On October 5, 2017 the Circuit published an amended opinion in United States v. Jones, No. 15-1518 (Walker, Calabresi, Hall), which supplanted a decision issued on September 11 that we covered in an earlier blog post. The amended decision differs from its forbearer in one key respect. In the initial decision, Judge Calabresi authored a concurring opinion (joined in by Judge Hall) that chided the district court’s sentence, as affirmed by the Circuit, as “little short of absurd” given the defendant’s borderline IQ, old crimes, and the “timing quirks” that rendered the sentence “very, very high . . . in contrast with almost every similarly situated defendant.” Now, in this amended opinion, the panel affirmed but still remanded “for further consideration as may be just in light of the circumstances.”
In a new footnote at the end of his concurrence, Judge Calbresi explains that the panel altered the disposition because “it was called to our attention that 28 U.S.C. § 2106 permits affirmances and remands for further proceedings in the interest of justice, and has been applied in criminal situations.” (citing, inter alia, United States v. Giuliano, 644 F.2d 85, 89 (2d Cir. 1981). Remanding pursuant to § 2106 “may permit the district court to reconsider the sentence imposed and thereby go a long way to avoid the absurdity, which this opinion has suggested.” After having professed in his concurrence frustration with the panel’s apparent inability to “ask the district court to reconsider the sentence it ordered in view of the happenstances that have worked against Jones, and in view of its assessment of Jones’ crimes and of its downward departure,” it appears that Judge Calabresi finally found a hook that would justify a remand and require the district court to account for those factors in fashioning a new sentence. More importantly, he succeeded in persuading his fellow panel members that even if the sentence was correct, it still should be reexamined in the interests of justice.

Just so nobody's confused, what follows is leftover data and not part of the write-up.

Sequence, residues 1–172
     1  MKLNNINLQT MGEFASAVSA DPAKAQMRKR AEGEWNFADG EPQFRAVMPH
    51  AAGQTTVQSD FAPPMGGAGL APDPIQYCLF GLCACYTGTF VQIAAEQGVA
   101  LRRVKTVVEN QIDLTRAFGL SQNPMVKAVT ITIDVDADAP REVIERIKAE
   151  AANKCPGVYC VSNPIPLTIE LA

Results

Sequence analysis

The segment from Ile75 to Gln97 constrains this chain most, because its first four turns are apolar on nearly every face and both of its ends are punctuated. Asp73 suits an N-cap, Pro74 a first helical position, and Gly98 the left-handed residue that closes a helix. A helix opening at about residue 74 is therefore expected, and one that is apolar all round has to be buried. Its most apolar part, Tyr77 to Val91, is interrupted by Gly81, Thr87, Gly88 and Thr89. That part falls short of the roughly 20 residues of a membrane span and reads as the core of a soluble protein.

While it is hard to say that this unusual procedure will recur in many cases, it is reassuring that the court found a way to permit reconsideration of a sentence that a majority of the panel viewed as “absurd.” It is noteworthy, however, that this is the second time in recent months—United States v. Burghardt, No. 16-949(L) is the other case—in which the Court remanded a case after affirming a sentence as reasonable but potentially excessive. Time will tell whether the Circuit will continue to perform with vigor its role as the reasonableness reviewer of sentences.